My Lords, I thank the noble Lord, Lord Avebury, for introducing the debate this evening. As he indicated, the TUC feels quite strongly about these changes in the Immigration Rules and has sent me a very substantial brief about it.
As already indicated by the noble Lord, the TUC has three principal concerns with regard to the proposed immigration reform. First, it thinks that licences to provide work permits should be restricted to people it calls good employers. Secondly, it is concerned about the rights of migrant domestic workers and thinks that those should be guaranteed in law to prevent abuse. Thirdly, it is seeking greater transparency in the intra-company transfer scheme, greater protection for those covered by the scheme and greater protection for the jobs of those who might be displaced by it.
On licensing arrangements, the TUC is very concerned that while employers who have contravened immigration or company laws can be prevented from getting a licence, employers with a very bad track record of abuse of their workers cannot be so prevented and may therefore recruit employees from abroad who, for a variety of reasons, are often, of course, more vulnerable to exploitation. Although the Home Secretary has provided some assurances that exploiters could have their licences removed subsequently, in the view of the TUC this really is a matter of locking the stable door after the horse has bolted.
The TUC's equivalent in Australia, the Australian Council of Trade Unions, reports that Australia's employer nomination scheme, which concerns the sponsorship of those coming to reside permanently in Australia, provides that to gain approval to sponsor a skilled worker from overseas, the employer must demonstrate, among other things, that it is an employer of good standing, which includes a record of compliance with both immigration and workplace relations law. Under the Australian regional sponsored migration scheme, which allows employers in regional areas to sponsor skilled workers where no labour is available locally, the employer must demonstrate among other things a record of compliance with workplace relations laws. An equivalent requirement in the UK should be introduced.
The TUC feels strongly about migrant domestic workers. During the summer, the TUC and others welcomed the Home Secretary's assurances that the status that migrant domestic workers were granted in 1997 would remain unaltered. It was then disappointed to learn that, under the proposed rules, the reasons for retaining the 1997 status would be ignored in the case of migrant domestic workers in diplomatic households. The new rules will leave them more vulnerable to abuse at the hands of their employers, who may moreover enjoy diplomatic immunity from prosecution. The Home Office has agreed to issue an administrative instruction to preserve the route to settlement for those workers as part of the Government's commitment to ensure that all existing rights for overseas domestic workers are preserved until they can be reviewed two years after the introduction of the points-based system and when the anti-trafficking strategy has been properly road-tested.
However, this is not felt to be a sufficiently satisfactory solution, because such workers' right to change employers and to renew will not be specifically included as rights. This needs to be addressed. Being unable to leave an abusive employer without breaching the Immigration Rules leaves diplomatic domestic workers especially vulnerable to mistreatment and abuse. Finding alternative employment in a diplomatic mission where the worker has already been abused is not a realistic option; and putting the agreed limited safeguard in an administrative instruction is not sufficiently sustainable, because it could easily be lost either through administrative error or deliberate government policy. For these reasons, the rights of migrant domestic workers to escape abusive employers without being further disadvantaged need to be set out in law.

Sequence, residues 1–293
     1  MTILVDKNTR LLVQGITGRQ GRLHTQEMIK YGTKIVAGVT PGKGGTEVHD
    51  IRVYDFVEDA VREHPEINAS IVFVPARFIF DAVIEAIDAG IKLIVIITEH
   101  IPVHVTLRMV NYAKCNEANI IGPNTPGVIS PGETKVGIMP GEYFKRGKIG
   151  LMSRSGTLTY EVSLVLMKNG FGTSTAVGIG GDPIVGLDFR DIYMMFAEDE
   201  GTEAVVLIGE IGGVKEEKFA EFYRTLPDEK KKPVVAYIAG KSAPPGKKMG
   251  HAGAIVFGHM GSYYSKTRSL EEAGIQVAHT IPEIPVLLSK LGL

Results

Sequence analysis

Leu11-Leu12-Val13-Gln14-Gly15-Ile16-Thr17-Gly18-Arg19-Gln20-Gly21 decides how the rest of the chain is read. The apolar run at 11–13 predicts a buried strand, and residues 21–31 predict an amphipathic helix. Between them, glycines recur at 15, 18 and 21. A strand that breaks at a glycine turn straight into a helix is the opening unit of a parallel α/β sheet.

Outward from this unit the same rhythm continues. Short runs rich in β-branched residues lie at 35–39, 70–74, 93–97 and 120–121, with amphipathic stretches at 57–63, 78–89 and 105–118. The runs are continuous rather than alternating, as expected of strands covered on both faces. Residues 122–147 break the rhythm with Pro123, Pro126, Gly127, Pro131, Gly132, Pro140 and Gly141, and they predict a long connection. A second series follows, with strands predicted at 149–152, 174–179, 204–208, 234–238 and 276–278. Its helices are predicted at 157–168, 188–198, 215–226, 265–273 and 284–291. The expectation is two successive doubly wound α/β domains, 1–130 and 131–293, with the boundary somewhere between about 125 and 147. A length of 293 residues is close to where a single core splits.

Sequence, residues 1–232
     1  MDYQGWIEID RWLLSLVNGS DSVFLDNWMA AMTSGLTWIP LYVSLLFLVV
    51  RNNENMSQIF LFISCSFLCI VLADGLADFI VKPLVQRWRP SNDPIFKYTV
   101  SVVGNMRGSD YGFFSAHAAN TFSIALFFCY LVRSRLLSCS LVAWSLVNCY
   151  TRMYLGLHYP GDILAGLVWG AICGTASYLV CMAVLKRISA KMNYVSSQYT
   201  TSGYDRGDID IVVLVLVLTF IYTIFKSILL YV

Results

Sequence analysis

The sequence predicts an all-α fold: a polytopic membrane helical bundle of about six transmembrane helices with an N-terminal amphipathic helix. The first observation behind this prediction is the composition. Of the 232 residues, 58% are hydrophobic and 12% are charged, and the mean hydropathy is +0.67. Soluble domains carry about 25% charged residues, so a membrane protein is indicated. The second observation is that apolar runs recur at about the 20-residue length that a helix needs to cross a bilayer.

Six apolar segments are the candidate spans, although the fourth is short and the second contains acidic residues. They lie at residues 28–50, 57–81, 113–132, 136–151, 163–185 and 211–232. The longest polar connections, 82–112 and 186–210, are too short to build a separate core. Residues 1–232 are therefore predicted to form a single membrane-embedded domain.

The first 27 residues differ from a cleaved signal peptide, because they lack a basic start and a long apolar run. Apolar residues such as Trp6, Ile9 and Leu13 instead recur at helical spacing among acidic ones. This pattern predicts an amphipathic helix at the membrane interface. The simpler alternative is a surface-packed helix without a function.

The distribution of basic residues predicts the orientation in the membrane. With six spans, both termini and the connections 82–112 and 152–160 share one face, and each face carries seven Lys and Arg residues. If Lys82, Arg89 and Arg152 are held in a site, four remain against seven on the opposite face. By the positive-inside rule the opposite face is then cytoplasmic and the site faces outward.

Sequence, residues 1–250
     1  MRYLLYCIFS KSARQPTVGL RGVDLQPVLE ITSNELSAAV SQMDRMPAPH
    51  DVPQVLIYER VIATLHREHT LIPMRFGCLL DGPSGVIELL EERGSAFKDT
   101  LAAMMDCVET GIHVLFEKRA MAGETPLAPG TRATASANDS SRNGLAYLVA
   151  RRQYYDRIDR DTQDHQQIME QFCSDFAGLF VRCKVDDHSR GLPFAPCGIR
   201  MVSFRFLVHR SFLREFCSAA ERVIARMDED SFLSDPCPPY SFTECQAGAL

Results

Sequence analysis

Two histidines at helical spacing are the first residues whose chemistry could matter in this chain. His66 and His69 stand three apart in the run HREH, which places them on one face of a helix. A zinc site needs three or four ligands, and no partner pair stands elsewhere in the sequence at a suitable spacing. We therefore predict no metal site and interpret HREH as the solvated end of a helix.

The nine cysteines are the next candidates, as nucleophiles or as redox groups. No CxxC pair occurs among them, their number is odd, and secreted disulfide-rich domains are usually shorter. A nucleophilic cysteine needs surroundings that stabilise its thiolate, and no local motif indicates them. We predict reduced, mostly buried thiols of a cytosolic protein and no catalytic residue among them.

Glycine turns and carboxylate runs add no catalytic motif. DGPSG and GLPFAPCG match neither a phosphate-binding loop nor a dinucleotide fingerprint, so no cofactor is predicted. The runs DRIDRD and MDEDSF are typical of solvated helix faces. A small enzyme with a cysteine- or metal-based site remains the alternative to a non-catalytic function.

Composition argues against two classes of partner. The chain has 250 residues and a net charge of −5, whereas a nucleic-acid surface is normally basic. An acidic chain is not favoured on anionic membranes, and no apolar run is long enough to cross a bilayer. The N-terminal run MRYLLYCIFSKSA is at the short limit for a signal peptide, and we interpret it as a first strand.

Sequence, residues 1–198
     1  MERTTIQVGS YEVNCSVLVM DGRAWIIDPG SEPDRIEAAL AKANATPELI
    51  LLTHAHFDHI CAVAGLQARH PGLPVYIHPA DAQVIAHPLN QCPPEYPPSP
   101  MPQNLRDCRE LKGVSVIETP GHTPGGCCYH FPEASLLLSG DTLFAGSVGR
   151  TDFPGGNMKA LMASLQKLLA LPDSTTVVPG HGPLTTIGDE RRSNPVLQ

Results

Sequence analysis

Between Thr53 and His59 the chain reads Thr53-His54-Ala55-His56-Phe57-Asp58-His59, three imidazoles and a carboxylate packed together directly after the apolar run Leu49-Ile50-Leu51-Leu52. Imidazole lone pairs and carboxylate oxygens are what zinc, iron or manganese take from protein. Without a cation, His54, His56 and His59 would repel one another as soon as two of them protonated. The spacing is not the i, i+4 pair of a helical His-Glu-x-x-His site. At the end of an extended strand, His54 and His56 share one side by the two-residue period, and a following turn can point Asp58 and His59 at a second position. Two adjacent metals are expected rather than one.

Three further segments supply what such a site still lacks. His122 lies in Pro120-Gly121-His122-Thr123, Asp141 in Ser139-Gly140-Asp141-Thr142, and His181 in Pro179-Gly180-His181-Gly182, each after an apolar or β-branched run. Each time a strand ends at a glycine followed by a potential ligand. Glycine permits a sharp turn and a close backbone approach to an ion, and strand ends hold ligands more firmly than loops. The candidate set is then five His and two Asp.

I turn finally to intra-company transfers. The TUC believes that there should be more transparency. The names of sponsors, the number of certificates of sponsorship—especially under the ICT scheme—and the numbers accepted and rejected should be published, as is the practice in Ireland. This could help to strengthen confidence in the ICT system, which according to the TUC and its affiliates is creating resentment and concern in some workplaces. It is also believed that workers brought into the UK under the ICT scheme should have greater protection; for example, the wage level set out on the sponsorship certificate should be made available to the individual being sponsored. At present, this is not a requirement. Complaints from colleagues of the TUC in India already suggest that companies are not paying the rate shown on the sponsorship certificate to employees brought into the UK under the ICT system. Some way needs to be found to ensure that individual ICT scheme workers know that the wage they are being paid is correct and that they have some means of enforcing it.
Workers brought in under the ICT scheme should not be allowed to opt out from the 48-hour limit on working hours under the working time directive, as they are not in a position to refuse to work long hours when their employer could send them back to their source country.
For all those reasons, it is felt that the new proposals should be further discussed. The TUC also states that it in general supports the Immigration Law Practitioners' Association briefing on the changes proposed. It hopes that agreement can be reached on an alternative or adjusted way forward.